C# variable naming

I recently viewed S&box wiki and noticed that some class variable names are shortened.

public class NoclipController : PlayerController
{
    public override void Tick()
    {
        // Face whichever way the player is aiming
        Rot = Input.Rot;

        // Create a direction vector from the input from the client
        var direction = new Vector3( Input.Forward, Input.Right, 0 );

        // Rotate the vector so forward is the way we're facing
        direction *= Rot;

        // Normalize it and multiply by speed
        direction = direction.Normal * 1000;

        // Apply the move
        Pos += direction * Time.Delta;
    }
}

Source

In this case there are shortened words “Pos”, “Rot” and it is ambigous how I can interpret them. Pos - is it position, positivity or possession? And Rot is completely matches with already existing word meaning decaying process. IMHO this is a bad pratice, because it makes code harder to read. Futhermore new modders can take it for a good thing and shorten every variable name more than 5 letters for example which will lead to a completely unreadable code. I would like to see no shortenings at least for class variables in S&box C# layer that Facepunch exposing as their S&box API.

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I can’t really say I agree. Pos and Rot are pretty standard “Position” and “Rotation” when you’re near vectors, especially in game programming. It’d be the equivalent of complaining about “Ang”.

I don’t think you’d see the applications “RotTING, PosSESSION, PosITIVITY” on something that is handling vectors and angles.

I also don’t think I know a sane programmer who types out every letter of the word when making a variable, most of the time it’s short hand. But then again, variables are user defined, so if you wanted to type like this you COULD.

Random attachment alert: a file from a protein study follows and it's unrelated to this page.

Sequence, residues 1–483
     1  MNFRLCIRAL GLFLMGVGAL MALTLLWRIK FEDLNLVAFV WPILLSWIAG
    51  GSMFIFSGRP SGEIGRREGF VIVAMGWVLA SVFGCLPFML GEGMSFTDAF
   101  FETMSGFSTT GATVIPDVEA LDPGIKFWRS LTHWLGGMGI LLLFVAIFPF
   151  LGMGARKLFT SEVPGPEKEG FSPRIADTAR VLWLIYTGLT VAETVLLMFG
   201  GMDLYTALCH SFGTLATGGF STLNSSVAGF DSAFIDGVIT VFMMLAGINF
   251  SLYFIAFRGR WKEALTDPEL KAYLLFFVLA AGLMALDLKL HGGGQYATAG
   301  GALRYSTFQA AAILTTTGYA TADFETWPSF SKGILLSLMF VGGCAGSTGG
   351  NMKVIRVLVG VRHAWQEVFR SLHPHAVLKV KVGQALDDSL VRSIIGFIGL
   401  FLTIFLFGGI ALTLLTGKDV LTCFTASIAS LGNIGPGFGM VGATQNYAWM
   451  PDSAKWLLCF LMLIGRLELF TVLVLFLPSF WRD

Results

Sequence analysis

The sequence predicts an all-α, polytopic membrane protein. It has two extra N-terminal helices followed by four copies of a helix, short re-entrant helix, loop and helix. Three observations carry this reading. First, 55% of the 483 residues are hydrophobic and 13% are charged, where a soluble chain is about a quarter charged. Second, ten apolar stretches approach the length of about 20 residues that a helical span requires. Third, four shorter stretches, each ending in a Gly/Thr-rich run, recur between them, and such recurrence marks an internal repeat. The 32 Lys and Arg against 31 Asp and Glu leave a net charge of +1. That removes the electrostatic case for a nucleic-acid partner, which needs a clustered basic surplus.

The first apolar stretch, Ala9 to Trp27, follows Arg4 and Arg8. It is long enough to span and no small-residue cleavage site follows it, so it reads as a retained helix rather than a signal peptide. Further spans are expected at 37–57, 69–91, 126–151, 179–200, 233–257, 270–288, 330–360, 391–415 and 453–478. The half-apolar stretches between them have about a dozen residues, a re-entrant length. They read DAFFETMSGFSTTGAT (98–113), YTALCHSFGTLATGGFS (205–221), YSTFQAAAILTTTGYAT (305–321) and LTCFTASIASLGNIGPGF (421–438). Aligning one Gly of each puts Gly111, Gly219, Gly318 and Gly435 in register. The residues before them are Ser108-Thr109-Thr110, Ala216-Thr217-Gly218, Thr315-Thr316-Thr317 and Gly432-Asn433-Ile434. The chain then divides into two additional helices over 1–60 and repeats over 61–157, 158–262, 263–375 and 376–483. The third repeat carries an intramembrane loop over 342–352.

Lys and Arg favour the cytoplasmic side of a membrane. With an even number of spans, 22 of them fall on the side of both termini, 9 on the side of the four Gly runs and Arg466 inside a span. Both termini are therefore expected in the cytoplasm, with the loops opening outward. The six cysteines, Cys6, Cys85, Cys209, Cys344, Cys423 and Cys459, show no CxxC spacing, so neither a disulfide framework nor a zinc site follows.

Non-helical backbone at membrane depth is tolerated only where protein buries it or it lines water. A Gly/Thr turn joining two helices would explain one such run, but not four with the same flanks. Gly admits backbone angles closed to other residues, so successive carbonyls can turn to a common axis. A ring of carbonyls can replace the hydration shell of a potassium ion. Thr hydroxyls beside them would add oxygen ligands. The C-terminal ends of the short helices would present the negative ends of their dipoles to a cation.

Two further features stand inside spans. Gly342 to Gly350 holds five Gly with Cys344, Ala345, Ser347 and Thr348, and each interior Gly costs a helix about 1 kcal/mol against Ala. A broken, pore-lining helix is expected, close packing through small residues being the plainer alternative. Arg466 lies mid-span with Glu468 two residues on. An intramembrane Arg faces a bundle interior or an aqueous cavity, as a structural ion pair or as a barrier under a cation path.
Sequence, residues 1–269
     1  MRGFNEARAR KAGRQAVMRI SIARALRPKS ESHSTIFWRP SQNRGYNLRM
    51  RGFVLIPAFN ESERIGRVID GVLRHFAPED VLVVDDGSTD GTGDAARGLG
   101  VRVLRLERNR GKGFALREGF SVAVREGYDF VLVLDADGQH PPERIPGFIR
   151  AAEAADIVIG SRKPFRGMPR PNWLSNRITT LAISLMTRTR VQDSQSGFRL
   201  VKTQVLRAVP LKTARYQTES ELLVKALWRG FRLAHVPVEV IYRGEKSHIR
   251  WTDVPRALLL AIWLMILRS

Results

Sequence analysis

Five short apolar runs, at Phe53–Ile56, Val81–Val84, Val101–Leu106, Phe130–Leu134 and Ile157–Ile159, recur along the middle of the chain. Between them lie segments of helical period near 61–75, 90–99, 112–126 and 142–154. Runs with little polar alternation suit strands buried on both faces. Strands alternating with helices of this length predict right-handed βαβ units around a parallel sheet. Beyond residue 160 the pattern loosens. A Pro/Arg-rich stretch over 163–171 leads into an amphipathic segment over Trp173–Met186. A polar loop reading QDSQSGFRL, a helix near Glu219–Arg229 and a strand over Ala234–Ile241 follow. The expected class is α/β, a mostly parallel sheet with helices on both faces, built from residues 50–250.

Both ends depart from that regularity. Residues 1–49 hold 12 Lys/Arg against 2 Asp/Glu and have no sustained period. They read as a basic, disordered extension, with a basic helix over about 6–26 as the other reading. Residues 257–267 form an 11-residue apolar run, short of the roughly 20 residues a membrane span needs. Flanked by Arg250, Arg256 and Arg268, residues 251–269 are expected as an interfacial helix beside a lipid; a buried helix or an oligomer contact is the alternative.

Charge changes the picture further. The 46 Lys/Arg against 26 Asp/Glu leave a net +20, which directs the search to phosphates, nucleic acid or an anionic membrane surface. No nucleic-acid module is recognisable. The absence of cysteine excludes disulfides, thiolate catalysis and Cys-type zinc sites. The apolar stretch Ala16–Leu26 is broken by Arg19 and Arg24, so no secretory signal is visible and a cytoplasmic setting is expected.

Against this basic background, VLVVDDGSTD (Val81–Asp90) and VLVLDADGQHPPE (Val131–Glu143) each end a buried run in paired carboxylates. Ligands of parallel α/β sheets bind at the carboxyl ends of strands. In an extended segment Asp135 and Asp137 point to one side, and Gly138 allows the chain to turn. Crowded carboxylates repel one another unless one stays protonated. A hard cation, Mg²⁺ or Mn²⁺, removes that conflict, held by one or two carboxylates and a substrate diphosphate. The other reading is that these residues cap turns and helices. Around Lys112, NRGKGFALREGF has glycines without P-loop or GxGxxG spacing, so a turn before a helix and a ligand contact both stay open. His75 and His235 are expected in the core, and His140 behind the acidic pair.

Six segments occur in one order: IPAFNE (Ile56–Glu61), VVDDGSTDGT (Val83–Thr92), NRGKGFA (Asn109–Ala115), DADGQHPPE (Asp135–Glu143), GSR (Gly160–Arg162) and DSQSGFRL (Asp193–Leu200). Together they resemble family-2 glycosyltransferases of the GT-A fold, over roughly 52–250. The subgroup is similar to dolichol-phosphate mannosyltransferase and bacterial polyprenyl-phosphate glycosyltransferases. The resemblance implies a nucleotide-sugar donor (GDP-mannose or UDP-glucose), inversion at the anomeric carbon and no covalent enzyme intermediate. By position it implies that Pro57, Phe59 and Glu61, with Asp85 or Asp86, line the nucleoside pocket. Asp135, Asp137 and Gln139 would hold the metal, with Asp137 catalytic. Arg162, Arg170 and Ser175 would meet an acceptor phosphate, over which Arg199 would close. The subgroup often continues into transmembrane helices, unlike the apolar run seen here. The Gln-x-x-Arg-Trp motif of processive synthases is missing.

What level of beginner are you anticipating will have problems? Surely they would pretty naturally pick it up after a few classes

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Fuck typing Position and Rotation every time. There’s no ambiguity there.

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I usually use position and rotation but that’s only because I use autocomplete. The use of the shortened versions doesn’t bother me at all apart from being aesthetically displeasing. Practically it makes no difference.

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Why isn’t direction shortened to “dir”?
It gives me anxiety seeing that some variables are capitalized while others aren’t.

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I think in this case, lowercase variables are local, while capitalised are class variables.

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I see, Rot and Pos are variables for the Noclip controller, my bad.

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This sounds like a complete non-issue. The context here makes it obvious what “Pos” and “Rot” are supposed to be, and generally these shorthand forms seem to be universal in game making. What other similar words would you use in game coding that would deserve to be shortened and could theoretically use these shorthands too?

Pos, Rot, Ang, Deg, among others are very commonly used shorthands, the only way you would not know what they mean is if you have never written any code at all.

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Its 2021 we have autocomplete and intellisense since a while